Posts Tagged ‘illustrations’
February 24, 2015 | by Dan Piepenbring
Alice Neel, who died in 1984, is remembered best as a portraitist—her paintings present friends, lovers, and other intimates with an astonishing, often forbidding guilelessness. Your average Neel portrait is penetrating, flip, scary, and more than a little funny, depending on how long you’re willing to hold its subject’s gaze. Neel’s people all look to be plodding through the Stations of the Cross with a kind of decadent resignation—this is the world we live in, and oh well. “Alice loved a wretch,” her daughter-in-law told the Guardian in 2004. “She loved the wretch in the hero and the hero in the wretch. She saw that in all of us, I think.”
When Neel wasn’t painting, she was sketching. Alice Neel: Drawings and Watercolors, a new book with a corresponding exhibition, collects this interstitial work, some of it polished and some hauntingly restive. “There is an essential melancholy to Neel’s work,” Jeremy Lewison writes in the book’s opening essay. “She presents a world of hardship, of tenement buildings and shared bathing facilities, of underprivileged and underclass immigrants, of humanity weighed down by the burdens of living in the harsh metropolitan environment, of human loss and tragedy.”
All of which makes her a natural candidate to reckon with the Russian classics, those icons of gloom. Read More »
January 16, 2015 | by Matteo Pericoli
Windows on the World is a series on what writers from around the world see from their windows. This is the final entry in the series, which we began in January 2012: it’s Matteo’s sketch for last November’s contest winner, Simon Rowe. Many thanks to Matteo for illustrating so many views over the years. Some of these drawings are now available in his new book, Windows on the World: Fifty Writers, Fifty Views.Time has gathered Japan’s villages into towns and cities, even turned some into metropolises, but the cho, or neighborhood, remains the heart and soul of the nation.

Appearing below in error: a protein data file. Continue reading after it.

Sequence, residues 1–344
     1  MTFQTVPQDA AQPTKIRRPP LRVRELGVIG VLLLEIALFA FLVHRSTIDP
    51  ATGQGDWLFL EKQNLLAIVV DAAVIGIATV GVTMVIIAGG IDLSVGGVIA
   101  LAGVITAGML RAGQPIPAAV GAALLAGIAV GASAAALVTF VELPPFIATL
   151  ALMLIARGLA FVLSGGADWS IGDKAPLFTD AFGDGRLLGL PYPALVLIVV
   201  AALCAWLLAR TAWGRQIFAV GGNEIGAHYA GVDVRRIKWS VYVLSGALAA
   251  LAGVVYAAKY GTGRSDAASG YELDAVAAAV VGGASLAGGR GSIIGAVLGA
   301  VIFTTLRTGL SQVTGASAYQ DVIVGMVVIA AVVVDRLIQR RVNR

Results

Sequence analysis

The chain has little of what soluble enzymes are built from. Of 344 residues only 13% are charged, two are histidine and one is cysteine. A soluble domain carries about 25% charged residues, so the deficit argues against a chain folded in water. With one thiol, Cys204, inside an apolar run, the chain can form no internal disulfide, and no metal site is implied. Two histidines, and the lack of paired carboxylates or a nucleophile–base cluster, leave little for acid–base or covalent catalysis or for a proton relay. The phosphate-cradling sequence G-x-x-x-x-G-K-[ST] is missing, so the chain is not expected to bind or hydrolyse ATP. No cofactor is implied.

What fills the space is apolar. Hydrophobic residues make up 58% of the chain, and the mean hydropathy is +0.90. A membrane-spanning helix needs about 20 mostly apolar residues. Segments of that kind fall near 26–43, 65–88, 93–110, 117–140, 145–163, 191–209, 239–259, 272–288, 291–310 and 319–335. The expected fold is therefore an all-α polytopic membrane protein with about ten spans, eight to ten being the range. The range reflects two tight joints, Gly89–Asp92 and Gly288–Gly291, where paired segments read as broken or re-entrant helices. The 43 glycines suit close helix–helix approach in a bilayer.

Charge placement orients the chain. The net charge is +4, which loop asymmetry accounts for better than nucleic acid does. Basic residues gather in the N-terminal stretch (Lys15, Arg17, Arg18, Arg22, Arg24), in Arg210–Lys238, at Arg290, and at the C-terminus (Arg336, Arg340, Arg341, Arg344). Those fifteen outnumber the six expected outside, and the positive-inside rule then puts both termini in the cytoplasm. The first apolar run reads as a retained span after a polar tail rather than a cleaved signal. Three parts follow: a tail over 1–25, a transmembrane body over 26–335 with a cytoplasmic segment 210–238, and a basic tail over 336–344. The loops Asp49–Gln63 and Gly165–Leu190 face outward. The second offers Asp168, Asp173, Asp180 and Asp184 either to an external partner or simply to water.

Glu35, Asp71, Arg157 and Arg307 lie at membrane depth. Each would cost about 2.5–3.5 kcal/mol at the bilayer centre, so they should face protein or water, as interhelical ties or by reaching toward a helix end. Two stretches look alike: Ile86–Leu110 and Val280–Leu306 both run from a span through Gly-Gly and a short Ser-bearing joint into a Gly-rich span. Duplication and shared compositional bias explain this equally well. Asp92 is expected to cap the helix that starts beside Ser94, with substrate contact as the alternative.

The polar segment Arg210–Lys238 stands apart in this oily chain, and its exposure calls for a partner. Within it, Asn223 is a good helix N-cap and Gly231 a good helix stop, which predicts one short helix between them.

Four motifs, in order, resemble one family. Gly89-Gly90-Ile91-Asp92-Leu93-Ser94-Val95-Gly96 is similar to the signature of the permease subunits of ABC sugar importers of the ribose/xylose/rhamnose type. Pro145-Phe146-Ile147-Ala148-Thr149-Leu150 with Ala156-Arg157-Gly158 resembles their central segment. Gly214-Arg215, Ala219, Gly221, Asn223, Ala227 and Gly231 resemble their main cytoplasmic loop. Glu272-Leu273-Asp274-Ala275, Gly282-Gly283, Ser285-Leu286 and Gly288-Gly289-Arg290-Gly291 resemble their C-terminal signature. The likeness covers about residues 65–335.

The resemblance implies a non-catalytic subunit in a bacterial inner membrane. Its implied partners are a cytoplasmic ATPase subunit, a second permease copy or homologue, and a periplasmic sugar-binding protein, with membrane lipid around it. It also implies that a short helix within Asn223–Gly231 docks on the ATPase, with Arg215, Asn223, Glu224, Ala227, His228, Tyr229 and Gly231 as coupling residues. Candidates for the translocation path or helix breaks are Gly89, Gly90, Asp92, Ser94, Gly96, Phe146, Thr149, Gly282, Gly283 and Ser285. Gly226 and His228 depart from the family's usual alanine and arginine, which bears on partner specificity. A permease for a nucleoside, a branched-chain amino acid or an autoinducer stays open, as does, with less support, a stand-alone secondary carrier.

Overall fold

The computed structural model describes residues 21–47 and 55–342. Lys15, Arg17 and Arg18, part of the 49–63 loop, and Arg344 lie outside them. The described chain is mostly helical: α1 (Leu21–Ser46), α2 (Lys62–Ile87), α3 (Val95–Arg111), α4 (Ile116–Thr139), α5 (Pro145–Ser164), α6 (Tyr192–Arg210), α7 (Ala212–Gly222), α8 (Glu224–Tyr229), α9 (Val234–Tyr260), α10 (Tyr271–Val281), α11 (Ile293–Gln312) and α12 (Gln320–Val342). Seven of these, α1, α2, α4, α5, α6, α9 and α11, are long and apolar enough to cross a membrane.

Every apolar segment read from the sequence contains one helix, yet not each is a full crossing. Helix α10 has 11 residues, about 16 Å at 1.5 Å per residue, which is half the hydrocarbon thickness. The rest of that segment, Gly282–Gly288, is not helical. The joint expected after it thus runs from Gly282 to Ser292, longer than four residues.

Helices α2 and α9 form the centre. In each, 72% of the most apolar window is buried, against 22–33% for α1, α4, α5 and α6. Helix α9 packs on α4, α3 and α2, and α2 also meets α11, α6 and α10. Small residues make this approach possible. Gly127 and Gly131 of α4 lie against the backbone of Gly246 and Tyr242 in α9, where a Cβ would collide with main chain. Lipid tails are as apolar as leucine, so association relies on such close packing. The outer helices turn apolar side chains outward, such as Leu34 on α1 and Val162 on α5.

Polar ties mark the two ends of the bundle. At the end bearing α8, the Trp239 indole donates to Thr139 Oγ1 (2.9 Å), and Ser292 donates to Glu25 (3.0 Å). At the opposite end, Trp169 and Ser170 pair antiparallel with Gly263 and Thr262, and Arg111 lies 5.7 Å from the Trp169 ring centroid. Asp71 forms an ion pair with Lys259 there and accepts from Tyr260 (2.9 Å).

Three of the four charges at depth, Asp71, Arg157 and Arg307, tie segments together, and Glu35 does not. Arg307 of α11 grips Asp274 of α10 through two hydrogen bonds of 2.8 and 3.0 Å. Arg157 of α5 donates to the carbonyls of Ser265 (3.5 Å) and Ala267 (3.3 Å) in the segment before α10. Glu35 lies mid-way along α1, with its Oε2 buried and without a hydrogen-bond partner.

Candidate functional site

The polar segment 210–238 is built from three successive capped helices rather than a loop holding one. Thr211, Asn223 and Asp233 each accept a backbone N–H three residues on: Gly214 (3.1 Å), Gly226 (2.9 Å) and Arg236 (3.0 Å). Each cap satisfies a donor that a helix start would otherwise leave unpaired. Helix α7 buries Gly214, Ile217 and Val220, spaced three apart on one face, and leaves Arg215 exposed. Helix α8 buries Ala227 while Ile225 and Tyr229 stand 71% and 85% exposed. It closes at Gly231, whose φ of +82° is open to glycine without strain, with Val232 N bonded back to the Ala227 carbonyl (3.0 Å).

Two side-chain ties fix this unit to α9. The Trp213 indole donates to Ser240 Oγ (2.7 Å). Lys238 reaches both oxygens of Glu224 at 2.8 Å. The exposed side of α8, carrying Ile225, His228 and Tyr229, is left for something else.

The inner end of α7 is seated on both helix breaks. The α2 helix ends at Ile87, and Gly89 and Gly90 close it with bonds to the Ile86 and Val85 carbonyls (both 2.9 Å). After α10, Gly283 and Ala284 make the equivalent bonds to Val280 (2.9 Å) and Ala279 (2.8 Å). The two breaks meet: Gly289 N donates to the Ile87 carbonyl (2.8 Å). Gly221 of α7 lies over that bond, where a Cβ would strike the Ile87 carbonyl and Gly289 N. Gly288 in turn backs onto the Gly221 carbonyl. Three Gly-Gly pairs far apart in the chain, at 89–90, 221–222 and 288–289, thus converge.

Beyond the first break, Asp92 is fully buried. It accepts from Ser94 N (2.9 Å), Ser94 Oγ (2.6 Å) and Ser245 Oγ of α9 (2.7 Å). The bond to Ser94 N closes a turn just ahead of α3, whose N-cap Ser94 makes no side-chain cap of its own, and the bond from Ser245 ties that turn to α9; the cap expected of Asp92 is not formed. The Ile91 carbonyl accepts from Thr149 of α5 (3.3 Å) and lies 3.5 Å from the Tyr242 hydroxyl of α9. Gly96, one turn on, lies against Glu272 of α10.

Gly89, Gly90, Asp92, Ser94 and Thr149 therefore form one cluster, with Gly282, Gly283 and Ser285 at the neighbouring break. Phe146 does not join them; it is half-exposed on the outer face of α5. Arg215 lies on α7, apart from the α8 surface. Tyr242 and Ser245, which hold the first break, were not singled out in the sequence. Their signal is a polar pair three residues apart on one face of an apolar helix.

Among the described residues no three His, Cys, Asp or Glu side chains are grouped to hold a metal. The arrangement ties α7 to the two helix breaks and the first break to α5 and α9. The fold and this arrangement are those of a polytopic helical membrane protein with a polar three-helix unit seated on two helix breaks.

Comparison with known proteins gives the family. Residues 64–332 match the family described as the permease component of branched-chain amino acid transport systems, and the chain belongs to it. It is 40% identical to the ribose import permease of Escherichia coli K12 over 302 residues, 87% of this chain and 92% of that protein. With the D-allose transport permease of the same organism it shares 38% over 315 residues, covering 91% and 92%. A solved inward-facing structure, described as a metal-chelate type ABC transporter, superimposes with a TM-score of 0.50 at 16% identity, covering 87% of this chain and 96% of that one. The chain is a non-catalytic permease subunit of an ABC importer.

Mine resembles an overcrowded circuit board with its dense clusters of houses spanning a century in design and its winding pathways, which deliver children to school, businessmen to bus stops, and elderly to their kitchen gardens. This is Kamiono-cho, in Himeji city—where the westward sprawl that begins in Osaka finally runs out of steam.
Bamboo grows as thick as a man’s leg in the forests beyond the neighborhood, lofty and mesmerizing when the valley winds blow. In Autumn, the smell of burning rice chaff reaches through the window, signaling the end of the harvest season and the start of the festivals that celebrate its bounty. Taiko-drum volleys rattle my window, just as the earthquakes do.
Snow dusts the rooftops in winter. Through the opened window, knife-edged winds carry a whiff of Siberia—chilling, yet invigorating. Spring sees cherry blossoms garnish the neighborhood and family picnics mushroom beneath them. Then the blossoms fall, like the brief and beautiful life of a samurai, with the first spring rains. Summer arrives and the window is shut to the whining insects and the suffocating humidity, which descend on the city. The pane rattles once more with the typhoons of late summer; TV antennas waggle on tiled roofs, momentarily lost to the rain.